Leading Article: The real threat to Hong Kong

Related Topics
Can anyone really own Hong Kong? In less than 48 hours from now, it will have "returned to China". Early on Tuesday morning, as the mightiest of all parties in the city's convivial history staggers to an end, travellers on the dawn ferries will look back at the receding waterfront and see no change. This is one of the world's great cities. Like Manhattan, its towers soaring up from the sea have an unearthly beauty transcending the very earthly money-making that reared them. Can a mere change of flag be a threat to power and certainty like this?

But, of course, it can. That Tuesday morning, a large column of infantry and armour from the People's Liberation Army will be settling into quarters in Hong Kong. This arrival, which nobody in Hong Kong was told about until a few days ago, sends two kinds of unwelcome signal.

At one level, it is mere symbolic politics, a sudden extra statement that "we are the masters now". But for the West, already tormented by confused anxieties and guilts about the handover, it is exactly the symbol they could do without. This is not the China of solemn agreements on human rights to guarantee "one country, two systems". This is a reminder of that China which sent the tanks against students on Tiananmen Square eight years ago. Which one will be in charge?

The other signal, which Hong Kongers can read more expertly than Westerners, is also ominous. It is about institutional corruption. The PLA, which is something of a state within the state, is desperate to get a foothold in Hong Kong. For underpaid officers, this is a dream posting with untold opportunities, and competition to be part of it has been intense. It is a foretaste of how Chinese administrators may approach the running of a city which is one of the richest fleshpots on earth.

For many months, Hong Kong people have been trying to get this point across to visitors and interviewers. It is not that they are complacent about what may happen, suddenly or gradually, to the freedom of the press, to trade unions, to the rights to demonstrate or oppose. They worry about these things, but not - as the West does - to exclusion. They look at modern China, and they see not only a vast extension of economic freedom, a unique attempt to reconcile Communist government and the free market, but an almost universal spread of financial corruption throughout the state and its bureaucracy. This, they think, is the real threat to Hong Kong.

It is not that this sort of thing is unknown to the city. Under the British, as Hong Kong rose from a colonial outpost handling the South China trade to one of the busiest industrial producers on the Pacific rim, there was every kind of sleaze. Corruption in the Hong Kong police was notorious. But then the city changed. Industry gave way to financial services as the main source of wealth. And the British administration, in perhaps its finest hour, turned on the colonial bureaucracy and purged it clean.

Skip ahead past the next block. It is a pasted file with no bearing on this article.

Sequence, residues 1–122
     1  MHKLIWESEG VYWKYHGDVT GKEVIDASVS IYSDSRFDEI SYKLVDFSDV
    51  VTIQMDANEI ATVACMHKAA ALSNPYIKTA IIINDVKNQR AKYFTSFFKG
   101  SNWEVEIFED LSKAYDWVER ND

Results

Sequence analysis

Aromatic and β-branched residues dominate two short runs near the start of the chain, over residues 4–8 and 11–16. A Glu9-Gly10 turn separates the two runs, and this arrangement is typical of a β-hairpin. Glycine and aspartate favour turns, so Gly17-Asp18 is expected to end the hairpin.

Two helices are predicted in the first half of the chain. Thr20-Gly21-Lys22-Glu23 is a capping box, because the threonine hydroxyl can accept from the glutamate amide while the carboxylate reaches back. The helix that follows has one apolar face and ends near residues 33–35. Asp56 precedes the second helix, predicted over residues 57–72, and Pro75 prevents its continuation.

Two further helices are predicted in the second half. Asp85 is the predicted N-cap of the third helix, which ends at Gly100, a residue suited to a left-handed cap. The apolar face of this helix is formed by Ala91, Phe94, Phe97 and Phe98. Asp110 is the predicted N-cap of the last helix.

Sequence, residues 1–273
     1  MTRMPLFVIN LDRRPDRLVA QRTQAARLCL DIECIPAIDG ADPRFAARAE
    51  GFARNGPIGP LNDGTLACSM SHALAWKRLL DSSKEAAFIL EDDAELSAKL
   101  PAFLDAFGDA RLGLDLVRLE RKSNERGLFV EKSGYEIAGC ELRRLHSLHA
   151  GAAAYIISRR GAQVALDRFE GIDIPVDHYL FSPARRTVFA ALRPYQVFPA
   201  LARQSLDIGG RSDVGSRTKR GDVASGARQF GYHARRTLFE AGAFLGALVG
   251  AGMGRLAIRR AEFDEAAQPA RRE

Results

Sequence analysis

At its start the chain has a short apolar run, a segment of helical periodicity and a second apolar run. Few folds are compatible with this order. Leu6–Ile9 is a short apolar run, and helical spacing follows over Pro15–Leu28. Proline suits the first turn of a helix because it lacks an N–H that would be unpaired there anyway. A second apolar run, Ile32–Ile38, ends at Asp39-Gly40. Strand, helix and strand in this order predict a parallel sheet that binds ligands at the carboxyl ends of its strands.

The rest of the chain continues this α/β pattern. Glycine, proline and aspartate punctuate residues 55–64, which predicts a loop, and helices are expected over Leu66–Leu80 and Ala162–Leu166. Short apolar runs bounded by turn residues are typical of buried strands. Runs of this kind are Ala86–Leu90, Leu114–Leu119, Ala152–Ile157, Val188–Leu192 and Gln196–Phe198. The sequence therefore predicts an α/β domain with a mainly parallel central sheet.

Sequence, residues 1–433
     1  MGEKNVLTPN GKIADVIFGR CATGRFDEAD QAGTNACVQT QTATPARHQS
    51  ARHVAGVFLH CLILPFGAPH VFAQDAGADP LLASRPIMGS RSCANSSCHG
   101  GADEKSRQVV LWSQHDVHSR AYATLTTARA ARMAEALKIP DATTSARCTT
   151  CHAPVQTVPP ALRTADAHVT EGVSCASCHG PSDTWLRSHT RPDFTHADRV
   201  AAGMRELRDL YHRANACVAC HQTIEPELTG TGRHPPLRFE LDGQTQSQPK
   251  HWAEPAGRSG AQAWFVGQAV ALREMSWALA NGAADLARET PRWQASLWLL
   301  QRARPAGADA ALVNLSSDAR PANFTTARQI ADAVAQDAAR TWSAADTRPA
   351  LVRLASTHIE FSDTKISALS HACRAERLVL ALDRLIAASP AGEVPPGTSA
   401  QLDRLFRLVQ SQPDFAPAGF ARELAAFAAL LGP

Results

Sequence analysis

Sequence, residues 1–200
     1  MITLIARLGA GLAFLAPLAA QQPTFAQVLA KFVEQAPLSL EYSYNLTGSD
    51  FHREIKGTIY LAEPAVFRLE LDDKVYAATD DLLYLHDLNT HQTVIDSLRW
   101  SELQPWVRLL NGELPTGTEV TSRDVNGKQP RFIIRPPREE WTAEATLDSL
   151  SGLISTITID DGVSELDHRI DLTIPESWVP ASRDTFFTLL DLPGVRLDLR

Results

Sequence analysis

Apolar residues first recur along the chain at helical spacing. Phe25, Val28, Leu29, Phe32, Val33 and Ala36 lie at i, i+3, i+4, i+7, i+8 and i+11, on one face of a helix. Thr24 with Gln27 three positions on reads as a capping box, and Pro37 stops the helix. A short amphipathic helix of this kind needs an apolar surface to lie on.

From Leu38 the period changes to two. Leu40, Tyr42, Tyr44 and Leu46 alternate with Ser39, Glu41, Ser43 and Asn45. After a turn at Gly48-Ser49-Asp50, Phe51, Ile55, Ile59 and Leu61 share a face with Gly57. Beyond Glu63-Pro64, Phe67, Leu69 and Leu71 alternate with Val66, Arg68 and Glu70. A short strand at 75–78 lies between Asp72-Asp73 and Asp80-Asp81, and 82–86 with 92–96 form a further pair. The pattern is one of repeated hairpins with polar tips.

These two things were connected. In the global market, banking and insurance require a minimum standard of integrity if they are to retain international trust. And this is the most basic threat to the survival of Hong Kong under Chinese sovereignty. The danger is that corruption will gradually invade all transactions and perhaps in time compromise the very regulation of Hong Kong's financial services. And if that happens, international confidence in Hong Kong as the channel for investment in the markets of China and all Asia will seep away.

The flag comes down, and it is too late to worry. In one sense it is a relief for Britain, which for many years has not really known what it was doing in Hong Kong. The attempts to expand political democracy in the territory undertaken by Chris Patten, the last Governor, were little more than window-dressing, addressed mostly to Britain's unquiet conscience.

But China, to which Hong Kong returns, is something infinitely greater than the Communist regime - which will not last for ever. There is some comfort in that. And in reaction to a world full of nationalism, there is a movement towards independent city-states, founded on commerce and drawing in the labour and talent of continents around them. Hong Kong, if it can survive the next decades, may have an even more spectacular future.